• Enablement: We know that in many parts of the world where refugees are hosted, it is difficult for them to access a number of financial services. Yet financial inclusion is critical to participation in local and global economies. Western Union, truly, is uniquely positioned to efficiently and effectively serve the evolving financial needs of Refugees and the organizations that support them through its global network of Agent locations, its money moving platform and its innovative spirit.

In a world where many are willing to help, Corporate Social responsibility has to go beyond grants and evolve to leveraging corporate assets to address critical world issues. This is not only the right thing to do but it also feels right thus creating virtuous cycles of shared value.

I am proud Western Union is one of many leading the way to embrace Refugees. Join me and others in the journey to help those who need it most, Refugees.

I learned so much when I first visited Refugee Camps in April with other Western Union colleagues. The connections I made with refugee families during that trip changed my life forever. These are real people like you and me with know-how, experience, hopes and ambitions… But there’s one difference between me and them. Their realities were blown up by conflict.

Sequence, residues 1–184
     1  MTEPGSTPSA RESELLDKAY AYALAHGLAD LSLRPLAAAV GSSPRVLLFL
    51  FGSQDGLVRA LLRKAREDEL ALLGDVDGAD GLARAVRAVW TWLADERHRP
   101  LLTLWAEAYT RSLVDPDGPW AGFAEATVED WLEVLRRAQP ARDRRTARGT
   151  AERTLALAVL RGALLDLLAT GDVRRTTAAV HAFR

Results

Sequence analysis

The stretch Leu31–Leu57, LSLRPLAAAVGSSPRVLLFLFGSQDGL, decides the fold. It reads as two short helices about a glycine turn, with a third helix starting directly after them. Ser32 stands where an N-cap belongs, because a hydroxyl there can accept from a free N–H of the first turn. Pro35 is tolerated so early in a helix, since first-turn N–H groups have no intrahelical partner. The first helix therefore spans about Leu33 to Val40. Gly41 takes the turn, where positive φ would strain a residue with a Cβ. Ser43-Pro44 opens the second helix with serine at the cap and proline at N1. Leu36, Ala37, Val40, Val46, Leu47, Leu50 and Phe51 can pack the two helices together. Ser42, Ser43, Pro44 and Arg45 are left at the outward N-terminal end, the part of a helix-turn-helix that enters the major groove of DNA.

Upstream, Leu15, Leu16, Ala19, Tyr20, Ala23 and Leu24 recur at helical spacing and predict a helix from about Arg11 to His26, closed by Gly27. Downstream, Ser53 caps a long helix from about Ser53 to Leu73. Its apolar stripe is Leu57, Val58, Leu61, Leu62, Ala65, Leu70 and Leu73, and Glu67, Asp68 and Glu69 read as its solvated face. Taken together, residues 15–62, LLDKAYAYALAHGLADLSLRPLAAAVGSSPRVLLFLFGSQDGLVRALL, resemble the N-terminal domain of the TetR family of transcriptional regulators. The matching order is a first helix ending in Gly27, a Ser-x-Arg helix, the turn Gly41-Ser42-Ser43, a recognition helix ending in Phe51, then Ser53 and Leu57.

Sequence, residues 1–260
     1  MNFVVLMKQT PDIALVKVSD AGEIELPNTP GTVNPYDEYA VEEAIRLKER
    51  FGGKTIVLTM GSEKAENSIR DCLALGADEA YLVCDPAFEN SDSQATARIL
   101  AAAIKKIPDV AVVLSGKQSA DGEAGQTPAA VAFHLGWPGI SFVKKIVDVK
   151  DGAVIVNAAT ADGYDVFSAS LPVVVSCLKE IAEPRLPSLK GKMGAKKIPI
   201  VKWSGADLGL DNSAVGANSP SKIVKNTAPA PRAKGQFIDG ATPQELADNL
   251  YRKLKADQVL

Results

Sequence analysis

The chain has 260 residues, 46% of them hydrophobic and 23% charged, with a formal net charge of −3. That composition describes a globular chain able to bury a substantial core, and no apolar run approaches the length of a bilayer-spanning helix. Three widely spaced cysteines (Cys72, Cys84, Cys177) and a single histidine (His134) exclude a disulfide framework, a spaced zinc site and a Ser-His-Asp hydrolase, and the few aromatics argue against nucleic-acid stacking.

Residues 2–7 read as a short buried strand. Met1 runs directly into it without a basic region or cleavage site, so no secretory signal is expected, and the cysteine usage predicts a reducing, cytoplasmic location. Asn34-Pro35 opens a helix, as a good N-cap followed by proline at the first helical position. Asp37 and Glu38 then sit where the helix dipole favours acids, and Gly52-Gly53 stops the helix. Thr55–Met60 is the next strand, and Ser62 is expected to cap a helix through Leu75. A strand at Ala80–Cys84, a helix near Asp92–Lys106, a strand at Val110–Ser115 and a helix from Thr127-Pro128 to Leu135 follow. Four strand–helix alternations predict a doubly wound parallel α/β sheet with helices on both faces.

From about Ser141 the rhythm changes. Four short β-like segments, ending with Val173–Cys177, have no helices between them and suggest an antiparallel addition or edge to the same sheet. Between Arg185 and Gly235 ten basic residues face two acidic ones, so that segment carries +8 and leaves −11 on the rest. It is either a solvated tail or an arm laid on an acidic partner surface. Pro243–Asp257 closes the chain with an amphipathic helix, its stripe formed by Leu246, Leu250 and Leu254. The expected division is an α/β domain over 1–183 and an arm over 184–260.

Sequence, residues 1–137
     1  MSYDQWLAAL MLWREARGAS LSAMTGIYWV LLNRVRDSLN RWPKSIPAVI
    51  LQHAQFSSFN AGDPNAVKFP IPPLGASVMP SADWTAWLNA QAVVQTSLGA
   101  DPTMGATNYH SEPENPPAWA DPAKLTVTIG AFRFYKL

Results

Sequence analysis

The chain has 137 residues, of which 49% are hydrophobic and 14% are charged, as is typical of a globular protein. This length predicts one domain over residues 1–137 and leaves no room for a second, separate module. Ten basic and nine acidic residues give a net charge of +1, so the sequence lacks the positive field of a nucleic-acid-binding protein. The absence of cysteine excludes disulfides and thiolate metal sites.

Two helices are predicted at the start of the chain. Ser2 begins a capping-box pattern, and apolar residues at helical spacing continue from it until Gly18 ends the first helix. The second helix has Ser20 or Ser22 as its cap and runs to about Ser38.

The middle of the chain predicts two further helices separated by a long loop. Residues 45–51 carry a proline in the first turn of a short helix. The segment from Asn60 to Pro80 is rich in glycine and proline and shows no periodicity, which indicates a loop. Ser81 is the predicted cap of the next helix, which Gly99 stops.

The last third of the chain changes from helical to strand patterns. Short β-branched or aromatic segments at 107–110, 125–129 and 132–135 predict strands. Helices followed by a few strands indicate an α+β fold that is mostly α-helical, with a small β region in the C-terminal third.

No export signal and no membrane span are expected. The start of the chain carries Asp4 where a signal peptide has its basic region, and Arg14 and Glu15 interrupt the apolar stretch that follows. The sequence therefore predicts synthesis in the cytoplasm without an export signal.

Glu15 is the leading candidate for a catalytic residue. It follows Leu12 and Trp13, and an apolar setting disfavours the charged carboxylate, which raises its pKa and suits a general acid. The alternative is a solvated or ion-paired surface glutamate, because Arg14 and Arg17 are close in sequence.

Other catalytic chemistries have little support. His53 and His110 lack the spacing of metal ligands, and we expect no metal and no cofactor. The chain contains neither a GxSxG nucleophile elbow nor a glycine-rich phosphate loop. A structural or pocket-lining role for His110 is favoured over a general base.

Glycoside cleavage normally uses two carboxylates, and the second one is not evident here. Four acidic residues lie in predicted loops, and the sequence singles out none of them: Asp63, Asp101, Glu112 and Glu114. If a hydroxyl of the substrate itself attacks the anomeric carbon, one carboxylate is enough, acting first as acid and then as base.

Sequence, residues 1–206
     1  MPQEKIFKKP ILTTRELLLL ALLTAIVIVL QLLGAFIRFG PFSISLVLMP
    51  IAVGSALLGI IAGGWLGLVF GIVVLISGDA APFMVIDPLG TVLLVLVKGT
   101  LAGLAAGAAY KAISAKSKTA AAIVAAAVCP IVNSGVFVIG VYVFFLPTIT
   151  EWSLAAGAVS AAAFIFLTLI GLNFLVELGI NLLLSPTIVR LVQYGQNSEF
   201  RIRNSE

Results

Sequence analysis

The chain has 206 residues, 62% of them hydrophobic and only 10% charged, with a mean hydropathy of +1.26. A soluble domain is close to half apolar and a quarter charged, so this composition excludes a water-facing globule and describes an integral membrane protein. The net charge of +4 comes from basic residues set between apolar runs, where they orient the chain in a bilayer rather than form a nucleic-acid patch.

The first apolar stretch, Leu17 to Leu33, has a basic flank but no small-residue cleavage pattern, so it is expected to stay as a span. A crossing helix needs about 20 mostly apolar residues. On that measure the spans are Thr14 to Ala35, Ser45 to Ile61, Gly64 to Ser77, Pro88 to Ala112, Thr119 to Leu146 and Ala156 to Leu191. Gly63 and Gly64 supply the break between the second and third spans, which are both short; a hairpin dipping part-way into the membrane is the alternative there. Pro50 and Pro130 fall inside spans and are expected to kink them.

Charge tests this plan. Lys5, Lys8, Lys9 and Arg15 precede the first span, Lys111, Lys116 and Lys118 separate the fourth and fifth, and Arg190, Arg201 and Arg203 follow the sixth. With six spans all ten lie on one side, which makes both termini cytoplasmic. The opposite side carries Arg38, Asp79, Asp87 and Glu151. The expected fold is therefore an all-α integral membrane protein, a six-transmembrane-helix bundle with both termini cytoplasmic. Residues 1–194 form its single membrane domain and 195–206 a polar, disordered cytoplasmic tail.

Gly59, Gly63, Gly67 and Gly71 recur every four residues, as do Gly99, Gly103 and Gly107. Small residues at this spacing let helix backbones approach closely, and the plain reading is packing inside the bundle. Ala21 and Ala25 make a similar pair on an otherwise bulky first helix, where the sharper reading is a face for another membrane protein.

I soon decided to return to a Camp on my personal time with two of my four children. Friends, family and colleagues asked me why are you going? Are you going to volunteer? Do you know what you are doing? Are you not worried about what could happen?

All I could say is that my children and I couldn’t wait. I had several objectives: to teach my children about the broader world; to understand how other global citizens like me could make a difference in just a few days; to better understand the education needs and opportunities in a Refugee Camp. But most importantly to spend quality time with my refugee friends, who since I met them, had been transferred to the Skaramangas Camp in an old Naval shipyard on the outskirts of Athens.

Young Talent Waiting to be Unleashed